Standard Chartered shifts growth to capital markets
Standard Chartered’s corporate and institutional bank can increase its profitability even when rates fall, divisional head Simon Cooper tells Euromoney. After reaping the benefit of investments in cash management, Cooper is now turning to the financial markets business, especially credit – reinforcing efforts to grow clients in Europe and the Americas.
Standard Chartered has changed a lot, both in its business mix and culture, since Bill Winters took over from former chief executive Peter Sands in 2015. Winters’ recruitment of Simon Cooper the following year from arch-rival HSBC to lead the corporate and institutional bank, has played a big part in those changes.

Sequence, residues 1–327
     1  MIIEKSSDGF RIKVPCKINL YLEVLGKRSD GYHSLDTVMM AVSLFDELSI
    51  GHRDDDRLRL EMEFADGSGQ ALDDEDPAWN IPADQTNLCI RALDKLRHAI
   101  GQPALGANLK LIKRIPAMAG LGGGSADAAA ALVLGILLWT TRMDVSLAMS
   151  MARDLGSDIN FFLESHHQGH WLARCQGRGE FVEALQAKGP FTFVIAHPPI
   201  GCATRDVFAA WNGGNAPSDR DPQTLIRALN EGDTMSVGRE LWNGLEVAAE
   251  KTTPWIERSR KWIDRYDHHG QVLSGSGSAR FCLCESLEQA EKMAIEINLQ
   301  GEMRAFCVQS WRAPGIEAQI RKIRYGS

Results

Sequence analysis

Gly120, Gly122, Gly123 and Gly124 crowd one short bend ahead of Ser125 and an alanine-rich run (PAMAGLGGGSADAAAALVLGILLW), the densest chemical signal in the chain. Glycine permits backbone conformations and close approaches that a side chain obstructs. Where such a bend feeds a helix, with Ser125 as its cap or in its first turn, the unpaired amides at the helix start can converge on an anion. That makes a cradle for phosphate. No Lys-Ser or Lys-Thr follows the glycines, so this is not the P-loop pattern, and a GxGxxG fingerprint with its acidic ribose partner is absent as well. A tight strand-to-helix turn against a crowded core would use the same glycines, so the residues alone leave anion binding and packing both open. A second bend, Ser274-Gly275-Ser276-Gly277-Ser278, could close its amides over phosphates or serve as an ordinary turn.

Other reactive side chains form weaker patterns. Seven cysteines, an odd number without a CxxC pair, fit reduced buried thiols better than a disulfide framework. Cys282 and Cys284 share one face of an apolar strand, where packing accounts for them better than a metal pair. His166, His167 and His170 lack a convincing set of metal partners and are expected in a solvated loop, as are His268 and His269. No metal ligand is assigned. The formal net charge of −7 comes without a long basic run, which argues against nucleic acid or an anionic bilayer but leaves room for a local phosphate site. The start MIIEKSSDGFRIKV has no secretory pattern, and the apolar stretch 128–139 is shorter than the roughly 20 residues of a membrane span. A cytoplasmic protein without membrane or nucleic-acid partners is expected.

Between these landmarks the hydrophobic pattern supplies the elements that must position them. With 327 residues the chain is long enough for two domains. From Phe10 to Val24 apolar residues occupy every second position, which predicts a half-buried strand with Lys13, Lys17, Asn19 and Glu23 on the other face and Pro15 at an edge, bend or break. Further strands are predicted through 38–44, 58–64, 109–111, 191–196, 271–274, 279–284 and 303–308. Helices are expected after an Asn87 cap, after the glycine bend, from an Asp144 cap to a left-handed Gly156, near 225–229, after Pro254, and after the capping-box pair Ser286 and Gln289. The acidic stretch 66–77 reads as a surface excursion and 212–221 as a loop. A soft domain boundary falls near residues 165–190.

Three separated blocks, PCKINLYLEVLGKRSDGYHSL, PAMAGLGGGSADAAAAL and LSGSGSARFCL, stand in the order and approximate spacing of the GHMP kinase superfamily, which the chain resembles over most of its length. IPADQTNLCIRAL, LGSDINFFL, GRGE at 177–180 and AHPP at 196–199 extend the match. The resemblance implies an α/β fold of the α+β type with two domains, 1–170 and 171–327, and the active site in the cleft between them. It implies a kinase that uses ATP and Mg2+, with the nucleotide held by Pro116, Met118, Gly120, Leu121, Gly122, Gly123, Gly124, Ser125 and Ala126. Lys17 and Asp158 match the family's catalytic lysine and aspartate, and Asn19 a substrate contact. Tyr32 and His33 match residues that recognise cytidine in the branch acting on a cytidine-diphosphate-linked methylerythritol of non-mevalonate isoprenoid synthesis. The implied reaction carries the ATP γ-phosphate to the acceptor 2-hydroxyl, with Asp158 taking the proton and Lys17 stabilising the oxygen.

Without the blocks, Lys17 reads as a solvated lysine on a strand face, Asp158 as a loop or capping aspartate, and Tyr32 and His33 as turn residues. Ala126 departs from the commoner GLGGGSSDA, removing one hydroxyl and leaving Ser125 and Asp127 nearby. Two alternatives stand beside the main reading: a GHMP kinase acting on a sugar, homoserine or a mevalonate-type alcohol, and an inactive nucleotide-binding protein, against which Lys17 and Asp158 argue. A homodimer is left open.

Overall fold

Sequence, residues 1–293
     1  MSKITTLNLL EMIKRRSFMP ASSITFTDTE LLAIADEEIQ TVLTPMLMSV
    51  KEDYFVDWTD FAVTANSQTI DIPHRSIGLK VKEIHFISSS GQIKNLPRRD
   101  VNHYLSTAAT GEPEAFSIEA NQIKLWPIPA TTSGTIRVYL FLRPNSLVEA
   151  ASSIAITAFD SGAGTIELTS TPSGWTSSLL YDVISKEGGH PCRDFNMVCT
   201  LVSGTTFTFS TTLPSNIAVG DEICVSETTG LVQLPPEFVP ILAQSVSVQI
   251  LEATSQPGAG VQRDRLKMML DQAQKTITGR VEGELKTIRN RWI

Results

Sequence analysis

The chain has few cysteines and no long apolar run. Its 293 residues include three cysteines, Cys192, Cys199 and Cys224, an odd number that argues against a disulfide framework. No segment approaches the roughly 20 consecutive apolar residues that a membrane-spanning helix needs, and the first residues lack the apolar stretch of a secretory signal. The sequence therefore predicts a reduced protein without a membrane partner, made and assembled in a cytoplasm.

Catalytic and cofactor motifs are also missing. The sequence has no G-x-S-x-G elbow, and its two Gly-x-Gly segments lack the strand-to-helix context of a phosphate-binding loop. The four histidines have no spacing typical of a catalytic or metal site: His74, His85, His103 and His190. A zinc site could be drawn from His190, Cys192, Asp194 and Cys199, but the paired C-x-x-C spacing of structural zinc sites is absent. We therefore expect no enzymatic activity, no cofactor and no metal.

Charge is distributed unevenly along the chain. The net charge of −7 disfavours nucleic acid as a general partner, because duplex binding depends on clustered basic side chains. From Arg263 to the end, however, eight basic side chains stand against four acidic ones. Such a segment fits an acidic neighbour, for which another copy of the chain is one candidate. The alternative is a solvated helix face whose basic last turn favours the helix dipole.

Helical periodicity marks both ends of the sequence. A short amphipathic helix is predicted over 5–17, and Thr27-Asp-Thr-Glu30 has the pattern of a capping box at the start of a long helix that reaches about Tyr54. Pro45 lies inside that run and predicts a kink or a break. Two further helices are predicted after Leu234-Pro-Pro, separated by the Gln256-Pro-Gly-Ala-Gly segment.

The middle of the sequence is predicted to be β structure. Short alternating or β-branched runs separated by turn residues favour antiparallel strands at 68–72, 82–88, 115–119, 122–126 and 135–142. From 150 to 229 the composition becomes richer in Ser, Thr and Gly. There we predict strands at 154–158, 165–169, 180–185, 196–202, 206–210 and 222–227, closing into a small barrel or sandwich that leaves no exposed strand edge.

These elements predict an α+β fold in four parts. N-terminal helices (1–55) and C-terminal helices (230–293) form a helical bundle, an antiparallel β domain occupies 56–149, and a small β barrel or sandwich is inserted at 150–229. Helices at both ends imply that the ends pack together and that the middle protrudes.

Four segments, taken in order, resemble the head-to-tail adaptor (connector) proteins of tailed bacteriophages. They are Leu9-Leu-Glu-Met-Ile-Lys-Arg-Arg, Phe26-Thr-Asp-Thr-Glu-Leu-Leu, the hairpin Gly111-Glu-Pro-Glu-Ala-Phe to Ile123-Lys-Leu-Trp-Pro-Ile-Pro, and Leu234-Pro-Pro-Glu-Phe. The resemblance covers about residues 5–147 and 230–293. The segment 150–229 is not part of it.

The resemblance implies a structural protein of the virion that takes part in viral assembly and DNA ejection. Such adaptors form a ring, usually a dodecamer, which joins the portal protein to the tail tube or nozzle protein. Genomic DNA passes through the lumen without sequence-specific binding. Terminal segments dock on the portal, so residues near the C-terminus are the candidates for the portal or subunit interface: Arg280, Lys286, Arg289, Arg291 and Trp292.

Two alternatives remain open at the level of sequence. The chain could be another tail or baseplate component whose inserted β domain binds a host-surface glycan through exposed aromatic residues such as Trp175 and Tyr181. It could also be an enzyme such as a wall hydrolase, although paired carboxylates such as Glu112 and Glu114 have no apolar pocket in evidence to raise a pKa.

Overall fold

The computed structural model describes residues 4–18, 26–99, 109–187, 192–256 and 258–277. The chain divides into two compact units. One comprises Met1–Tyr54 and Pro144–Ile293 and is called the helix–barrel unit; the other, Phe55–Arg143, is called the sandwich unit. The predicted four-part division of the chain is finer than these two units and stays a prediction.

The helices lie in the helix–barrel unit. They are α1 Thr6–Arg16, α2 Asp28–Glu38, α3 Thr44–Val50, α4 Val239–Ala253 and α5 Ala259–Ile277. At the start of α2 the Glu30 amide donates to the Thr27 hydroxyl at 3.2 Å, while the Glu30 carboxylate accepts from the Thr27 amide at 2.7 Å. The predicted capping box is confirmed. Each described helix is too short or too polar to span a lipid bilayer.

When Cooper arrived, Standard Chartered was still recovering from the aftermath of rapid growth and ill-judged lending in the early 2010s, especially in wholesale banking, at a time when emerging markets appeared relatively healthy and the commodity cycle was reaching a peak. After the commodities cycle turned, the group posted a loss in 2015 and only narrowly avoided another loss in 2016.
Even after credit impairments fell, low developed market rates kept profitability low, leading to a group return on equity in mid-single digits until last year.
In important respects the bank looked much better in 2023, above all in Cooper’s division, which is by far the bank’s largest.